Review: ‘Merrily We Roll Along’ at Sharon Playhouse

Nancy Sasso Janis

‘Merrily We Roll Along’ at Sharon Playhouse has a lot of reasons to like it. Stephen Sondheim music and lyrics are always challenging but worth the attention necessary to follow them. Jason Tam of ‘If/Then’ and ‘Les Miserables’ on Broadway in the leading role of Franklin Shepard. The return of Lauren Marcus who I had loved in the role of Sonia in ‘They’re Playing Our Song’ and Sarah Cline who was an amazing  Fantine in ‘Les Miserables.’ Not to mention the high level of quality of most productions at the summer theater in the upper left hand corner of the state. 

Pictured: (from left) Jason Tam, Lauren Marcus and A.J. Shively

Pictured: (from left) Jason Tam, Lauren Marcus and A.J. Shively

 However….there was the fact that the trajectory of the action is backwards. Not just for half the characters, as in ‘The Last Five Years,’ but the entire musical literally begins in 1976 and ends in 1957. I worried that the teen and I would get lost somewhere in the middle. 

 Didn’t happen. Even when I read the synopsis online the next day, I realized we had only missed one small detail in the action that wasn’t all that important. I loved the music which reminded me a little bit of tunes from ‘Company,’ which coincidentally I had on my calendar for the following evening.  I loved that the amazing Sharon orchestra sat on stage with their director Eric Kang conducting at his keyboard with his back to them. I would steal a glance at this master at work every song or so. The strong cast competed for attention and succeeded in this unique and powerful piece that has what director John Simpkins in his curtain speech called a “storied past.”

 It is the story of the friendship of three friends involved in show business with romantic issues thrown in for good measure. The book was written by George Furth which is based on the original play by George S. Kaufman and Moss Hart. The show opens in 1976 in Bel Air California before it heads back in time in the lives of three main characters.  

 Mr. Tam was the talented and tortured composer Franklin Shepherd and turned in a strong performance vocally and in his acting. A.J. Shively (‘La Cage’ on Broadway) was easy to like as the lyricist Charles Kringas. Ms. Marcus just glowed as the third member of this trio of “Old Friends,” the writer who spends most of her time trying to smooth things out.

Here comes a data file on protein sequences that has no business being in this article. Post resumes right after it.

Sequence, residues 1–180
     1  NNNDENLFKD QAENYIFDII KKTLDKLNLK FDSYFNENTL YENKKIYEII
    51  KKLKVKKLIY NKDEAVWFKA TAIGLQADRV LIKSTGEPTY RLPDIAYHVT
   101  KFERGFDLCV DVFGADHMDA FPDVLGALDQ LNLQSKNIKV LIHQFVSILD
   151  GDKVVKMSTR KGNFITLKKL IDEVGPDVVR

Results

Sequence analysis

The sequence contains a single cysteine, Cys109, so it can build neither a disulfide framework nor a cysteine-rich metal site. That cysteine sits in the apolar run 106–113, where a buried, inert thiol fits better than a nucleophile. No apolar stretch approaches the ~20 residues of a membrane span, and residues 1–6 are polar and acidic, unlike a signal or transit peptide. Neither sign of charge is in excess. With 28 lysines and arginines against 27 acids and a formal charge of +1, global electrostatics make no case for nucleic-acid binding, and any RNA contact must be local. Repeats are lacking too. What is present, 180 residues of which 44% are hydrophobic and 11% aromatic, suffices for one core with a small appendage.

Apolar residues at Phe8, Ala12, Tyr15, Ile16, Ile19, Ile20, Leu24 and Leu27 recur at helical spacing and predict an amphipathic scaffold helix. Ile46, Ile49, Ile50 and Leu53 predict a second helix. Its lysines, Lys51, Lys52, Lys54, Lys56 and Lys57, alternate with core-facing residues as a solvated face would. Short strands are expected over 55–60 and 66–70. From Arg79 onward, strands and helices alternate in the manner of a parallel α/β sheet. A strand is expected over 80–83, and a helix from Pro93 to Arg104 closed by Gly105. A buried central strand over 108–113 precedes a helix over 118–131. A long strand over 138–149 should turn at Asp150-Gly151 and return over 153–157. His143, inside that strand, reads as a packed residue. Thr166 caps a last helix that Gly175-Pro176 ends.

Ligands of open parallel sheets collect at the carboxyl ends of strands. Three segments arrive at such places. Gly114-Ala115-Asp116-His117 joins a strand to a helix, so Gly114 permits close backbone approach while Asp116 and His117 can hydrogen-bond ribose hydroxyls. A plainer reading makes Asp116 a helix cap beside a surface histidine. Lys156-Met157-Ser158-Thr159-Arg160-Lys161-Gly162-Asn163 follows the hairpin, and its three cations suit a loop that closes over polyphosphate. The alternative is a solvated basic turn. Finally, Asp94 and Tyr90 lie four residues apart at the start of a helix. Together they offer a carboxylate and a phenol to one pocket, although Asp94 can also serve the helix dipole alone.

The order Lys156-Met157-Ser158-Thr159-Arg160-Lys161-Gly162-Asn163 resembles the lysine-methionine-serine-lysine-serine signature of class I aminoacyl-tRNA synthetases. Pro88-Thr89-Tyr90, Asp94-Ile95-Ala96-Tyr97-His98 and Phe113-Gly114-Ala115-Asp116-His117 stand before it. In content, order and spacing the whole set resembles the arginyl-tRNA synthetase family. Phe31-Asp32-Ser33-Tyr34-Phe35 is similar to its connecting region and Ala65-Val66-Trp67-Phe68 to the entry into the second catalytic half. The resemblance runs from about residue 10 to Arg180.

Ms. Cline played the aptly (re)named Gussie Carnegie and the fact that she was hard to like was a tribute to her fine acting ability. Emma Davis sang beautifully as Frank’s first wife Beth and David Fanning was perfectly cast as producer Joe Josephson. 

Members of the cast of 'Merrily We Roll Along' at Sharon Playhouse Production photos courtesy of Sharon Playhouse

Members of the cast of 'Merrily We Roll Along' at Sharon Playhouse Production photos courtesy of Sharon Playhouse

 Ten up and coming college actors make up the collegiate company that spend their summer in Sharon and all have named roles in this production. Each one of these talented performers sang the challenging score so well and danced beautifully. However, in this particular show their youthful appearance didn’t quite fit their characters. They were almost believable at the “movers and shapers” in the industry, but two actors cast as Beth’s parents looked younger than their daughter despite wardrobe changes but no wigs. Frank Jr. was played well by fourth grade student Evan Fine, who at his young age is a Sharon Playhouse veteran.  

 I will listen again to the Sondheim music that I had not heard before. The orchestra under the direction of Mr. Kang played it extremely well and almost became a living part of the simple scenery designed by Brian Prather as the actors interacted around them. Costumes designed by Michelle Eden Humphrey were quite lavish and fit the periods nicely. Jennifer Werner choreographed the dance numbers and Mr.   Simpkins aptly directed one of his favorite pieces.

Unfortunately, this run only included seven performances at the Sharon Playhouse and closes on July 19. It was well-worth the drive to the corner of Connecticut to see a seldom produced musical with music written by a master.